A Bit of Procrastination Leads to Feature Film About UFOs

Creative Free Play Cannot Be Overestimated -- Just Ask David Nicolas

By Published on .

For a while there last month, the world was under siege -- again. Based on miles-long discussion threads, it wasn't certain if the scourge was an invasion from another galaxy or from the marketing world. It was neither, exactly. It was a bit of advance marketing for a film that didn't exist -- marketing that itself brought about the film it was, in the end, promoting. It's like Heisenberg for marketing, only not.
Made during a bout of procrastination on an animation project, David Nicolas's faked UFO video landed him a second film deal when it exploded on YouTube.
Made during a bout of procrastination on an animation project, David Nicolas's faked UFO video landed him a second film deal when it exploded on YouTube.

Eerily authentic video footage of UFOs hovering in the evening sky over Haiti and the Dominican Republic appeared on YouTube on Aug. 9 and immediately garnered millions of views and reams of discussion on out-there conspiracy sites such as Above Top Secret. While some of the more, um, open-minded commentators made pronouncements such as "Having seen one myself this close once in daylight ... I'm not gonna call it a hoax" and others immediately called marketing high jinks (warning to marketers: the online hoax as an ad genre is over; audiences can see them from miles away -- even when they're not there), almost all marveled at how convincingly rendered the UFO scenes were.

As first revealed by the Los Angeles Times, the videos were the work of commercial and music-video director David Nicolas, who acted alone. The French director and provocateur, represented by international production company Partizan, is known for his animation work through the directing unit Numero 6, highlights of which include lauded music videos for Super Furry Animals and Superman Lovers and the "Super Sub" spot for Coke. For Nicolas, the UFO videos were an atomic case of procrastination gone horribly right. Nicolas had been working on an animated feature called "Peter the Astronaut" for Partizan. While in New York visiting his girlfriend, he became fascinated with UFOs and began creating videos featuring alien spacecraft while messing around with a new software package. He returned to Paris with scant progress on "Peter" but shared his UFO work with Partizan head Georges Bermann, and an idea for a second film was born -- this one about a pair of kids who create a UFO hoax online and the chaos that ensues. Bermann and Nicolas are collaborating on the script for the UFO feature being produced out of Partizan.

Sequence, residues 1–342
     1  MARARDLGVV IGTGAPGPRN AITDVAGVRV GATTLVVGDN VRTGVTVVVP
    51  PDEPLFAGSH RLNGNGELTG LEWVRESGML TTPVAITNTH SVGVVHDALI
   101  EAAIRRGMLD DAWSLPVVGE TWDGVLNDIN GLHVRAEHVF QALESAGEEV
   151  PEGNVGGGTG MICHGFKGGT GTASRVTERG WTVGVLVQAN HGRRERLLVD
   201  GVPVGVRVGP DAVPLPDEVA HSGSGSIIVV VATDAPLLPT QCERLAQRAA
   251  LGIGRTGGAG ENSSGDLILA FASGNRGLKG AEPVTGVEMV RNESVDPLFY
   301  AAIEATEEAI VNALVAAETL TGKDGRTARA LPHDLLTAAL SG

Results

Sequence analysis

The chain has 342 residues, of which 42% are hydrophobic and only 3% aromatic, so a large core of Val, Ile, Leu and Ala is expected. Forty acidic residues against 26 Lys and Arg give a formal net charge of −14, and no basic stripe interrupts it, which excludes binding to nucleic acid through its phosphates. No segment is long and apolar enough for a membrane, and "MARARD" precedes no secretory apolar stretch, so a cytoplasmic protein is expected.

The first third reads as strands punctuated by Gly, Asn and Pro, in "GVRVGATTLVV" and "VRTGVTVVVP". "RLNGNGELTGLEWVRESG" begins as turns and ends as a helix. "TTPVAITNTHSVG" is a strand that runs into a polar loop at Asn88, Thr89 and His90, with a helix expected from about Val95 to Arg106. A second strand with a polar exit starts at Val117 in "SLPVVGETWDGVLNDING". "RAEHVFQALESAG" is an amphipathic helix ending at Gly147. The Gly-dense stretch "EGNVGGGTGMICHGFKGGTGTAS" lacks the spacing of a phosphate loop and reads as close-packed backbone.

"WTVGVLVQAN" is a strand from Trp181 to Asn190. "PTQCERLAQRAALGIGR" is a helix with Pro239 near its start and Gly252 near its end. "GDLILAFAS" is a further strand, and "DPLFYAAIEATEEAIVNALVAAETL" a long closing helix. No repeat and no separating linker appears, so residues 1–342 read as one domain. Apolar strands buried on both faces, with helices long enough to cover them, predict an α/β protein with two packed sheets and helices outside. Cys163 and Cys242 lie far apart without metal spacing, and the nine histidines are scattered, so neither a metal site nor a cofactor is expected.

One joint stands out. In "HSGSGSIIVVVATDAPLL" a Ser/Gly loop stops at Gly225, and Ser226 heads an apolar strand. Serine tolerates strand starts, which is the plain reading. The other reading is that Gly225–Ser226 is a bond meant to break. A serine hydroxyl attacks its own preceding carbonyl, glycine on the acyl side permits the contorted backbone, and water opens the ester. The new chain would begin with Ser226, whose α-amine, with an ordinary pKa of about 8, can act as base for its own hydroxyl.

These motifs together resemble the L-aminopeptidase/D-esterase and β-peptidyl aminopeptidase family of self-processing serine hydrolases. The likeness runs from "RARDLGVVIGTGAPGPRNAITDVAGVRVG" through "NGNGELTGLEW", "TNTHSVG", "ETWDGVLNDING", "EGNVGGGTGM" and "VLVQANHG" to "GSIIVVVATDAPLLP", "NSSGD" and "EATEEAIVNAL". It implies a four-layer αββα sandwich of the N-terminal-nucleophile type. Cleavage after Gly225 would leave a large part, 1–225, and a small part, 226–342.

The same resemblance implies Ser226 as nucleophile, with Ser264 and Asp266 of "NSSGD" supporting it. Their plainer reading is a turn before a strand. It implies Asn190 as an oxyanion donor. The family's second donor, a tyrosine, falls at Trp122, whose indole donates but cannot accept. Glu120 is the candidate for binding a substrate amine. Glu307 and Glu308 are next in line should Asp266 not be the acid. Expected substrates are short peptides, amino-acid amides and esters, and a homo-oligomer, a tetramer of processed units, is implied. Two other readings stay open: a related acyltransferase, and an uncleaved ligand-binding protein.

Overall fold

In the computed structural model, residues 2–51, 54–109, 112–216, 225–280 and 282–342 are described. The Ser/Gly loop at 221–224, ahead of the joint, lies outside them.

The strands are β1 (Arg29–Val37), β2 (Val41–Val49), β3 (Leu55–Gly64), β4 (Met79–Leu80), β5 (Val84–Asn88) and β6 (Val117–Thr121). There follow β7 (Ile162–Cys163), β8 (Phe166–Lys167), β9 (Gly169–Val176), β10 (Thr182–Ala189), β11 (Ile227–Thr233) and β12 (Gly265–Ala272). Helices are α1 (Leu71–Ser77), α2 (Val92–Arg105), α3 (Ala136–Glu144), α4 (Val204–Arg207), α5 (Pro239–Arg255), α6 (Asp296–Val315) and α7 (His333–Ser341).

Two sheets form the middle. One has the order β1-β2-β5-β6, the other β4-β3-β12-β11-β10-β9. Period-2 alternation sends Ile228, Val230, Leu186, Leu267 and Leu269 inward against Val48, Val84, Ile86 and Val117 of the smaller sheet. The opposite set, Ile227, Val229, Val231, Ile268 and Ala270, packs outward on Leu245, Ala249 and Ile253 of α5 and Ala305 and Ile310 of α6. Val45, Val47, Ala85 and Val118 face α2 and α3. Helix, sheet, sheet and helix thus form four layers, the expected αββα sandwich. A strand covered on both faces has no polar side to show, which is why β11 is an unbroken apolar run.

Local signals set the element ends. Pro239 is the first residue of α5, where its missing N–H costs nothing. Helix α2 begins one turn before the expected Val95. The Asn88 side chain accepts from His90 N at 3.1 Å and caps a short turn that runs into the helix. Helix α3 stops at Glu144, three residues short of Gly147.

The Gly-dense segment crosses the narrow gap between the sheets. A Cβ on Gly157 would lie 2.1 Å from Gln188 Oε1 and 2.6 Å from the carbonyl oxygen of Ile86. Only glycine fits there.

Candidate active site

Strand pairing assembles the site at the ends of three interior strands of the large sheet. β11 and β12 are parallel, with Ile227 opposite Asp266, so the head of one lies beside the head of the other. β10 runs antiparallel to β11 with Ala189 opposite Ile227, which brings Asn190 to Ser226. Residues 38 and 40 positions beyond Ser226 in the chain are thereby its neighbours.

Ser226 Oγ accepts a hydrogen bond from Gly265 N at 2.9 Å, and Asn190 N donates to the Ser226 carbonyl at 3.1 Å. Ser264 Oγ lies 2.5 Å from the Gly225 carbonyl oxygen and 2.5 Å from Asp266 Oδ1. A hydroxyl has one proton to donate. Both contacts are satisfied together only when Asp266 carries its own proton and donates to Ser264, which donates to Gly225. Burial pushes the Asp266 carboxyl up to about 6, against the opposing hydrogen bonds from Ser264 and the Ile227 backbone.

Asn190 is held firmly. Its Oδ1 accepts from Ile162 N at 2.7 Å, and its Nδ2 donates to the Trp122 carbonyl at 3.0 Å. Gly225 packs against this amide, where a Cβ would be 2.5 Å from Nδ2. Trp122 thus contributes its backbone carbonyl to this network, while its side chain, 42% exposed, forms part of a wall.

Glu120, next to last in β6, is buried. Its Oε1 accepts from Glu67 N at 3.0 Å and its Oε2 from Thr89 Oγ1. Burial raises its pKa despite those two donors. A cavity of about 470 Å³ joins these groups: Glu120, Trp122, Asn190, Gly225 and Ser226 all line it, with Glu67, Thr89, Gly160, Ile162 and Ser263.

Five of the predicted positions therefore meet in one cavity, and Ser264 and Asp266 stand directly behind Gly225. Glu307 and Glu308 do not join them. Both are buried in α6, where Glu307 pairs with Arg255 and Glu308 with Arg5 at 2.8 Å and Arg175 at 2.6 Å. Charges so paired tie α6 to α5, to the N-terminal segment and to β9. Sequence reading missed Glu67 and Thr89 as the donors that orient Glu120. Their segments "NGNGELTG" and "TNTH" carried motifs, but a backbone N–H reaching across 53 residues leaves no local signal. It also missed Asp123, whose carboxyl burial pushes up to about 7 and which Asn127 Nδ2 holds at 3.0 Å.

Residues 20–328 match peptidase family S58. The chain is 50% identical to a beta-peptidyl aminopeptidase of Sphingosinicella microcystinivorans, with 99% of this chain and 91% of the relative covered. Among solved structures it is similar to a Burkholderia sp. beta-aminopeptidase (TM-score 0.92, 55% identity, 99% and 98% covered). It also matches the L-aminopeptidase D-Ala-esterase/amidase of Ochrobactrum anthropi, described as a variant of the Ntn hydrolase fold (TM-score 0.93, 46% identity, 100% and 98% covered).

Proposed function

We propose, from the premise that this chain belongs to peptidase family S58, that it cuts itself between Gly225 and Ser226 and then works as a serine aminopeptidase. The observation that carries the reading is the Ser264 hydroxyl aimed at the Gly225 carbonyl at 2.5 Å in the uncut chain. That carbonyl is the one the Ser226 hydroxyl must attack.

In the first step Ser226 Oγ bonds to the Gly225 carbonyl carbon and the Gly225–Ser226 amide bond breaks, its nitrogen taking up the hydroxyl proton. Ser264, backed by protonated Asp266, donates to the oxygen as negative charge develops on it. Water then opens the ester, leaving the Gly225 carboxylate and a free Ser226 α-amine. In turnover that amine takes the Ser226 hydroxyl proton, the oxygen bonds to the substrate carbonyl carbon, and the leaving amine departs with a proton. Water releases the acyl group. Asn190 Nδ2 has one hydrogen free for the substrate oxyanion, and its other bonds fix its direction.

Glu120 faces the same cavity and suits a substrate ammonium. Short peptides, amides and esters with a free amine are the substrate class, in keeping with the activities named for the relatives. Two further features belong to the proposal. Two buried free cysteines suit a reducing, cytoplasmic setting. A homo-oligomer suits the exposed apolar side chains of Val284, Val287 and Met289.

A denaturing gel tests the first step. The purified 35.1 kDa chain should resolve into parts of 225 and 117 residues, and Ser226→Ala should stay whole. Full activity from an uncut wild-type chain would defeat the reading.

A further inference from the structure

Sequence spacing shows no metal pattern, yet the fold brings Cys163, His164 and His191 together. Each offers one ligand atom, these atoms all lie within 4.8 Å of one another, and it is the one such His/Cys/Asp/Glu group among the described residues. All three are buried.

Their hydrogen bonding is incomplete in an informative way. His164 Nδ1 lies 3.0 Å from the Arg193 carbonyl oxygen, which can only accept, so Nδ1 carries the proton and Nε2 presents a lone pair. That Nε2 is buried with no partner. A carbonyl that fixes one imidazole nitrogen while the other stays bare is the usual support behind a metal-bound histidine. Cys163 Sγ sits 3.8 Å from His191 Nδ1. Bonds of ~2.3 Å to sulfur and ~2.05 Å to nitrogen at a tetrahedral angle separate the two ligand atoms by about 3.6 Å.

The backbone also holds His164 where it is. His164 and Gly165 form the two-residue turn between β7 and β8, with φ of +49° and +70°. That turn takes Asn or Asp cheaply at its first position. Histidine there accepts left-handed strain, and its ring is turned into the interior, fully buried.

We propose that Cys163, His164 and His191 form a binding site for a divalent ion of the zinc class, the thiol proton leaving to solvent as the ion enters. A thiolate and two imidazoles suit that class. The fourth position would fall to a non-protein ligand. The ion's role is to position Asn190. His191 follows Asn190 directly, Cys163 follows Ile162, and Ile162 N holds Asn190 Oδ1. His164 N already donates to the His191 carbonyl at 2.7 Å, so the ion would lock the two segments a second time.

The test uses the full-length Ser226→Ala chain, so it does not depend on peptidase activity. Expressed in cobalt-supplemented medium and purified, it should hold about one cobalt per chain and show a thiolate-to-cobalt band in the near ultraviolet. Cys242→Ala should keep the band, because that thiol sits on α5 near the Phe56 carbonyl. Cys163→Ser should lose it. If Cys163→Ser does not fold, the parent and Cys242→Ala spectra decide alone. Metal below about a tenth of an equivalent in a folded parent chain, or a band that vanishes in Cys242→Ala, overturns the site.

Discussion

Nicolas created the much-debated, all-CG videos with a MacBook Pro and off-the-shelf software including Vue 6 and Lightwave and posted them in early August under the name Barzolff814. The director says he posted the videos in the name of research and social experimentation and took pains to create craft that didn't look like the work of human hands. Within days ET believers and mainstream news outlets alike were aflame with speculation as to the clips' origin and authenticity. "Haiti" has racked up more than 4 million views on YouTube (its success eclipsed only by Miss Teen South Carolina's trenchant analysis of U.S. America's education system on the month's most-viewed list). Nicolas says he was surprised at the scale of the reaction. "If I had known there would be so much scrutiny, I would have worked harder on it," he says with a laugh.

If there's a lesson here for any creative or marketing entity, it's that the value of a bit of creative free play cannot be overestimated. But mainly the UFO saga is just a wee illustration of an oft-quoted (by me) bit of John Hegarty advice: Do interesting things and interesting things will happen to you.

~ ~ ~
Teressa Iezzi is the editor of Creativity magazine and Creativity-Online.com.
In this article:
Most Popular